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Analysis of oligomeric protein complexes in the chloroplast sub-proteome of nucleic acid-binding proteins from mustard reveals potential redox regulators of plastid gene expression

Authors

  • Yvonne Schröter,

    1. Junior Research Group, Institute of General Botany and Plant Physiology, Friedrich-Schiller-University Jena, Jena, Germany
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    • These authors contributed equally to this work.

  • Sebastian Steiner,

    1. Junior Research Group, Institute of General Botany and Plant Physiology, Friedrich-Schiller-University Jena, Jena, Germany
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    • These authors contributed equally to this work.

  • Kevin Matthäi,

    1. Junior Research Group, Institute of General Botany and Plant Physiology, Friedrich-Schiller-University Jena, Jena, Germany
    Current affiliation:
    1. Kevin Matth.ai, Qiagen GmbH, Hilden, Germany
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  • Thomas Pfannschmidt

    Corresponding author
    1. Junior Research Group, Institute of General Botany and Plant Physiology, Friedrich-Schiller-University Jena, Jena, Germany
    • Junior Research Group “Plant acclimation to environmental changes: Protein analysis by MS” at the Institute of General Botany and Plant Physiology, Department of Plant Physiology, Friedrich-Schiller-University of Jena, Dornburger Str. 159, 07743 Jena, Germany Fax: +49-3641-949-232
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    • These authors contributed equally to this work.

Errata

This article is corrected by:

  1. Errata: Erratum: Analysis of oligomeric protein complexes in the chloroplast sub-proteome of nucleic acid-binding proteins from mustard reveals potential redox regulators of plastid gene expression Volume 10, Issue 15, 2887, Article first published online: 27 July 2010

Abstract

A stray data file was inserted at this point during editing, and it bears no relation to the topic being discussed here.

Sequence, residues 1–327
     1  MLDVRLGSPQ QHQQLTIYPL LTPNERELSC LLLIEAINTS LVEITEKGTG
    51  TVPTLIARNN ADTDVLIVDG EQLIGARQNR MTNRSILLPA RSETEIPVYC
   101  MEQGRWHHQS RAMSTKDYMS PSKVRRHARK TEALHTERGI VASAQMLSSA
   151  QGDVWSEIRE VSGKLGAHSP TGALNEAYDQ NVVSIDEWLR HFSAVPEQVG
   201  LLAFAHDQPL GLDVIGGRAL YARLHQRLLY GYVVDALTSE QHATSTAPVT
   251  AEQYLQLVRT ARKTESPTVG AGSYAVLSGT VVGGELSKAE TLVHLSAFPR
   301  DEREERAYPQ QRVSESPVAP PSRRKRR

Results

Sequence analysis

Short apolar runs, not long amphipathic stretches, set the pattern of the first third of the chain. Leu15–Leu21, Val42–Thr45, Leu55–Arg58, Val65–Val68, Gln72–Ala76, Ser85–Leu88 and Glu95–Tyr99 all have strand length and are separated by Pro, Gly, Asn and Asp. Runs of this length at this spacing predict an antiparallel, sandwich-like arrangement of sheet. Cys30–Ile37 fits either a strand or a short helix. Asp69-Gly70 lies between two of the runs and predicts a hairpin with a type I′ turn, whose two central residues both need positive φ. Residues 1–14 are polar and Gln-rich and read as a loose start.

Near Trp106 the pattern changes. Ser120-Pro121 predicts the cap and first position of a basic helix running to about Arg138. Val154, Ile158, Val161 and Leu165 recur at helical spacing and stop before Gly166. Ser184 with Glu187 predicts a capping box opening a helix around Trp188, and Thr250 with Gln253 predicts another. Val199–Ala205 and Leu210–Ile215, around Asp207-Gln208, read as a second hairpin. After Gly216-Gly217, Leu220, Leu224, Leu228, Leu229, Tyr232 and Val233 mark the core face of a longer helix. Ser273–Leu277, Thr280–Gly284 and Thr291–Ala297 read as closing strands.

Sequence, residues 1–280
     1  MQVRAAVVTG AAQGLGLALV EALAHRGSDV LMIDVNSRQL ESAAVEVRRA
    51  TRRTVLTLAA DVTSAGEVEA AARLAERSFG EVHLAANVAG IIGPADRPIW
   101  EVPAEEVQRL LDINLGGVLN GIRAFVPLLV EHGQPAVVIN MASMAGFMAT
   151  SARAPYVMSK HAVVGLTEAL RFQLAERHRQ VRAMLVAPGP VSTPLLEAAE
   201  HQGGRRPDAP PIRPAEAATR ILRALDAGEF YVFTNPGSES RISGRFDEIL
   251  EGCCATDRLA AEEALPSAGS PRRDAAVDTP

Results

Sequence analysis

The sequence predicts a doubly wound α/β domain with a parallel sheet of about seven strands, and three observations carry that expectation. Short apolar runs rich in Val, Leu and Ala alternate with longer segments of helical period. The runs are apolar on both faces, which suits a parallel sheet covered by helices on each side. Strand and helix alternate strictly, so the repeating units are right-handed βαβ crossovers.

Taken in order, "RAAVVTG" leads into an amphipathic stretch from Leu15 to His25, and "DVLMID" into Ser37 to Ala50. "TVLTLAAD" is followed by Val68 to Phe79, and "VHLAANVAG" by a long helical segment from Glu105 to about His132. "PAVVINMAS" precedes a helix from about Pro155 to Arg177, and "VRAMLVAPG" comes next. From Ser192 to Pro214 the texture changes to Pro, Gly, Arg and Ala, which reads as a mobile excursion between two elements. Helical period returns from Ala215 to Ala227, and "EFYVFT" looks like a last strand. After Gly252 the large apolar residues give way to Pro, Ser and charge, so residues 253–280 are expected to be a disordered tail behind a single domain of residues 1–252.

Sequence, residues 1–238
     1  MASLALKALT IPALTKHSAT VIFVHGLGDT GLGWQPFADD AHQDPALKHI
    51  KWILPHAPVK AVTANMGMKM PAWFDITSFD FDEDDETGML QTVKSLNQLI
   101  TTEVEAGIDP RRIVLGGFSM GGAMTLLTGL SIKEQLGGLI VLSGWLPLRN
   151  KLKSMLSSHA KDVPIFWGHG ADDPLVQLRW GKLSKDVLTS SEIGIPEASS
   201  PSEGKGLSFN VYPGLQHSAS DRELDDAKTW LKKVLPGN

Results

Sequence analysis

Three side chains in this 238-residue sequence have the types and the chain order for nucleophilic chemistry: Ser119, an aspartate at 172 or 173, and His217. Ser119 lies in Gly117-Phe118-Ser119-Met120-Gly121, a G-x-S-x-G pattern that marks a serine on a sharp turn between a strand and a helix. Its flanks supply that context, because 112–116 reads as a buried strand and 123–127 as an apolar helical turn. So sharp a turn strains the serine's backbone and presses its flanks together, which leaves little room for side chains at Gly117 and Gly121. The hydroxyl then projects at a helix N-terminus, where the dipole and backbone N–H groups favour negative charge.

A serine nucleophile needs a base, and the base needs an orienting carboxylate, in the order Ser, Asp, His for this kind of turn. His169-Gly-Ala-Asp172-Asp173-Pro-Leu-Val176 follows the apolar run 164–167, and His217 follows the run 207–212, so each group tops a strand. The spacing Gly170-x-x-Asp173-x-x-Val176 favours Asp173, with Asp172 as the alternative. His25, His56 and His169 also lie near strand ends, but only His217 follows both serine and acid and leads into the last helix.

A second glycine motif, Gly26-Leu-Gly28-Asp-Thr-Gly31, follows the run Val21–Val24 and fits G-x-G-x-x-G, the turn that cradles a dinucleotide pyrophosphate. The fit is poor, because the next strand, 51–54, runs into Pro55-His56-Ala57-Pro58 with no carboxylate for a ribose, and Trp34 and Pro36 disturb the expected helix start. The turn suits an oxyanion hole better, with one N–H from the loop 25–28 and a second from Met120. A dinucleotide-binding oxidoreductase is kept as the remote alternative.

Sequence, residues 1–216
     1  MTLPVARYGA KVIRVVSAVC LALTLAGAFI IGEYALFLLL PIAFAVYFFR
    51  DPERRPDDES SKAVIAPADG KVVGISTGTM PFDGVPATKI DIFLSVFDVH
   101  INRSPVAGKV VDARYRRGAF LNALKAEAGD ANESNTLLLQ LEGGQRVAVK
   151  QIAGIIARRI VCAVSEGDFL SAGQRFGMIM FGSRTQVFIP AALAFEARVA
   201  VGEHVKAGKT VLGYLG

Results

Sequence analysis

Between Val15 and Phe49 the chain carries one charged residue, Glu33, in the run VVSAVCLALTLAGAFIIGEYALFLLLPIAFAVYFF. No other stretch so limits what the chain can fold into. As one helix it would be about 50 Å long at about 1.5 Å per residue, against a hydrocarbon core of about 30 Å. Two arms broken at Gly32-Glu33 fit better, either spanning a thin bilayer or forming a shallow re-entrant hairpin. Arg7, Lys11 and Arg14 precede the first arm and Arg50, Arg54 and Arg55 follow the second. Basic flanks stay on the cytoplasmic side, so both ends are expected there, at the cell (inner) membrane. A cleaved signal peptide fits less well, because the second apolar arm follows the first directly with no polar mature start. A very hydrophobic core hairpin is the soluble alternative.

Photosynthetic light quality acclimation in plants involves redox-controlled changes in plastid gene expression. To study proteins potentially involved in this regulation, we isolated low-abundant chloroplast nucleic acid-binding proteins from the crucifere mustard (Sinapis alba) and investigated if photosynthetic redox signals affect their composition and/or oligomeric structure. We purified chloroplasts from plants subjected to light quality shifts and applied organelle lysates to heparin-Sepharose chromatography followed by 2-D blue native PAGE. We studied accumulation and structure of oligomeric protein complexes and applied MS/MS to identify them. We found ten oligomeric protein complexes of higher order and eleven smaller protein complexes or spots including plastid-encoded RNA polymerase (PEP), plastid transcriptionally active chromosome proteins, RNA-binding proteins, ribosomal subunits and chaperones. A translation elongation factor was found to be the only protein displaying major differences in its amounts in response to the growth lights. Furthermore, we found a novel thioredoxin as a subunit of the PEP, a 2-Cys-peroxiredoxin complex and a (soluble) ferredoxin:NADP-oxido-reductase, which represent potential redox regulator of plastid gene expression. A T-DNA knock-out line of the thioredoxin from Arabidopsis exhibits a yellowish-pale phenotype, demonstrating that this novel PEP subunit is essential for proper plastid development.

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